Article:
SAS spearheads new surge against Taliban

Posted in Broader Middle East , Europe , Afghanistan , United States | 19-Aug-08 | Author: Kim Sengupta| Source: The Independent

A British soldier with the NATO-led International Security Assistance Force (ISAF) walks during a patrol in the town of Musa Qala in Helmand province in 2007.

Britain's special forces are to play a key role in a newly-planned "surge" against Taliban forces in Afghanistan, The Independent has learnt.

SAS and SBS troops are to be used to dramatically expand the Army's "decapitation" strategy working alongside US Marines against the Taliban leadership.

The operation will coincide with an increase in troop numbers in the country. American forces are expected to expand by a third while the numbers of British troops will also rise as more forces are pulled out of Iraq.

The plans reflect deep unease in Washington and London at the political turmoil in Pakistan under its fractured four-month-old civilian government, which could now deepen with the power struggle expected to follow the resignation of the President, Pervez Musharraf. According to senior defence sources, all the intelligence and analysis points to a further "implosion of security" in Pakistan, allowing Islamist groups to use the frontier area to step up attacks into Afghanistan.

The former military leader had been a key ally of the West in the "war on terror" and had turned a blind eye to American air strikes on insurgents inside Pakistan. He stepped down yesterday before he could be impeached.

The "decapitation" strategy is aimed at destroying the Taliban leadership after Nato commanders realised that killed or captured foot soldiers were being replaced by indoctrinated "fighters" from madrasas in Pakistan.

Earlier this month, three senior British military personnel travelled to Afghanistan to establish how many extra helicopters would be needed in what is being seen as a critical campaign season against the insurgency.

The urgent need for a fresh strategy, being worked out in meetings between American, British and other Nato commanders, is an acknowledgement that, seven years after the fall of the Taliban, Afghanistan is now highly dangerous, with a rise in roadside and suicide bombings.

Yesterday, a British soldier was killed during a British-Afghan patrol in the Gereshk region of Helmand province. The fatality brings the number of British military deaths in Afghanistan to 116 since November 2001. Britain is expected to send reinforcements. The current UK force in Afghanistan, more than 8,000, is already almost double the size deployed to Helmand in 2006 and the problem of overstretch, say commanders, will not disappear even with the withdrawal from Iraq.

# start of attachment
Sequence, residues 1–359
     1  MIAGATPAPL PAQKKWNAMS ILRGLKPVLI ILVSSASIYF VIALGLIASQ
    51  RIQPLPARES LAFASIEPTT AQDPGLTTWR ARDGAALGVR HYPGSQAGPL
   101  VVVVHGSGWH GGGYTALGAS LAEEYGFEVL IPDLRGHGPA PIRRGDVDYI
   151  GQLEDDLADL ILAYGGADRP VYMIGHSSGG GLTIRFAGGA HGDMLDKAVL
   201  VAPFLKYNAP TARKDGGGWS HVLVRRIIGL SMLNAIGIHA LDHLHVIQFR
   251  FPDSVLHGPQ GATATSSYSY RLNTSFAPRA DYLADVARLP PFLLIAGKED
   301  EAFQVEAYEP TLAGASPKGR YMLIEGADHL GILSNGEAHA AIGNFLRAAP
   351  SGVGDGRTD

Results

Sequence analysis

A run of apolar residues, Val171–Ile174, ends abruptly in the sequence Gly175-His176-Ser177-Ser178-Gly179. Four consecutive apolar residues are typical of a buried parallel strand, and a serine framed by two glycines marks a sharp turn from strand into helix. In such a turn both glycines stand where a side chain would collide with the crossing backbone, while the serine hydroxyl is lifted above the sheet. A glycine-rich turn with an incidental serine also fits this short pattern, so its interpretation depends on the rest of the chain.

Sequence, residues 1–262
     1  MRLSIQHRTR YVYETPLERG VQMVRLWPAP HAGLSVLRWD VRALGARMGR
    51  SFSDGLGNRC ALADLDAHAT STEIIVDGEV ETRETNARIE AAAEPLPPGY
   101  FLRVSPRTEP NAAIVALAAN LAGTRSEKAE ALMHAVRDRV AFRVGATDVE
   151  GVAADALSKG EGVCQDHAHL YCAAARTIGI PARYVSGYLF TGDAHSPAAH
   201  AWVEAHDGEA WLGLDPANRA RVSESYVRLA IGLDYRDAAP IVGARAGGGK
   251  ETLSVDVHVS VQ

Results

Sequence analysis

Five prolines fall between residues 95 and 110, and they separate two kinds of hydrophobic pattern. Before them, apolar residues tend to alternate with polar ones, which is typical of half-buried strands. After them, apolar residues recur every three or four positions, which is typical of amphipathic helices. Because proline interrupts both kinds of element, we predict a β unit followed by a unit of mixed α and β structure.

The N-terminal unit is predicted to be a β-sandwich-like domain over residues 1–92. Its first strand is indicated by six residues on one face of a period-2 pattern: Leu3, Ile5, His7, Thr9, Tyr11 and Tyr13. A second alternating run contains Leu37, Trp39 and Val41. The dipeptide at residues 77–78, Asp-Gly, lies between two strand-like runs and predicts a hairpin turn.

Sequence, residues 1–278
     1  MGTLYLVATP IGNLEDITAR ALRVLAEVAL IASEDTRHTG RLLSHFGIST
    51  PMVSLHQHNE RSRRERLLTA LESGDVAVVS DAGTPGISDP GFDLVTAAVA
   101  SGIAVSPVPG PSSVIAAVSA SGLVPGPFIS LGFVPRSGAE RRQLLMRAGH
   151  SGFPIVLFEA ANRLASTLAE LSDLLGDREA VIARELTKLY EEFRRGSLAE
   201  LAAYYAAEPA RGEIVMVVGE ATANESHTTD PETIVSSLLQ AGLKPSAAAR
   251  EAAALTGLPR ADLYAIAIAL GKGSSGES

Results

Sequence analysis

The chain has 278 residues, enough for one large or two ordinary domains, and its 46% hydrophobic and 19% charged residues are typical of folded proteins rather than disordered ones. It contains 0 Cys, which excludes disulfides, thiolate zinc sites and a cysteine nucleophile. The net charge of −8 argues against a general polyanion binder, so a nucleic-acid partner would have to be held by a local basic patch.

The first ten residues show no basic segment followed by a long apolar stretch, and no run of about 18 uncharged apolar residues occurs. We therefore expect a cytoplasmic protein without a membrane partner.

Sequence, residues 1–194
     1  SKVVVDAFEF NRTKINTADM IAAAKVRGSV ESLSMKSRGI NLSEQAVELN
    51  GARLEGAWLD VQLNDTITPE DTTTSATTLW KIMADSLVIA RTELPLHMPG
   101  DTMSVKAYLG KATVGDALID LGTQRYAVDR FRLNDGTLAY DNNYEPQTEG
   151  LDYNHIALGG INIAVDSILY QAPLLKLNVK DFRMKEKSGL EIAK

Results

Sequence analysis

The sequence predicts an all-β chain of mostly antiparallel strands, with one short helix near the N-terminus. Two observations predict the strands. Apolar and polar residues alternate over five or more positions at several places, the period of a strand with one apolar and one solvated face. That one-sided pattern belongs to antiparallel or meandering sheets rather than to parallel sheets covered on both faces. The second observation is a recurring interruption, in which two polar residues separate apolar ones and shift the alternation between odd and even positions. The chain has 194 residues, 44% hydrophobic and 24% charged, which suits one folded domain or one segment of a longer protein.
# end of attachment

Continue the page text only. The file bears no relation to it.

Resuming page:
The Pentagon has also drawn up plans to double the size of the Afghan army to 120,000 and arm them at a cost of $20bn (£10bn) over five years. But they will not be ready for combat in large numbers until next year, making it vital to have Western reinforcements in the short term.

The Americans, with 34,000 troops in the country, are expected to send two more combat brigades, about 12,000 troops, early next year. The UK force in Iraq, about 4,200, is likely to be cut to about 2,000 by the end of the year and some, including special forces, may be sent to Afghanistan. London is committed to providing more helicopters and armoured vehicles. As part of the new strategy, the two campaigns being waged by Western forces in the country – the Nato-led ISAF (International Security and Assistance Force), and the US-run Operation Enduring Freedom (the hunt for Taliban and al-Qa'ida leaders on the Pakistan border) – are expected to be merged under the command of US General David McKiernan, making a combined force of just under 65,000.

Senior Western commanders have concluded that the demarcation between Operation Enduring Freedom and the ISAF mission, dealing with security and reconstruction inside Afghanistan, is now artificial.

A senior British defence source said: "It is not so much about the numbers game as far as the UK is concerned – most of the additional numbers will come from the US. The issue is to provide as much security as possible for our troops and that is the reason for this helicopter initiative."

General McKiernan urged caution about a purely military solution. "There is no magic number of soldiers needed on the ground to win this campaign," he said. "What we need is security of the people. We need governance, reconstruction and development, then we will see results."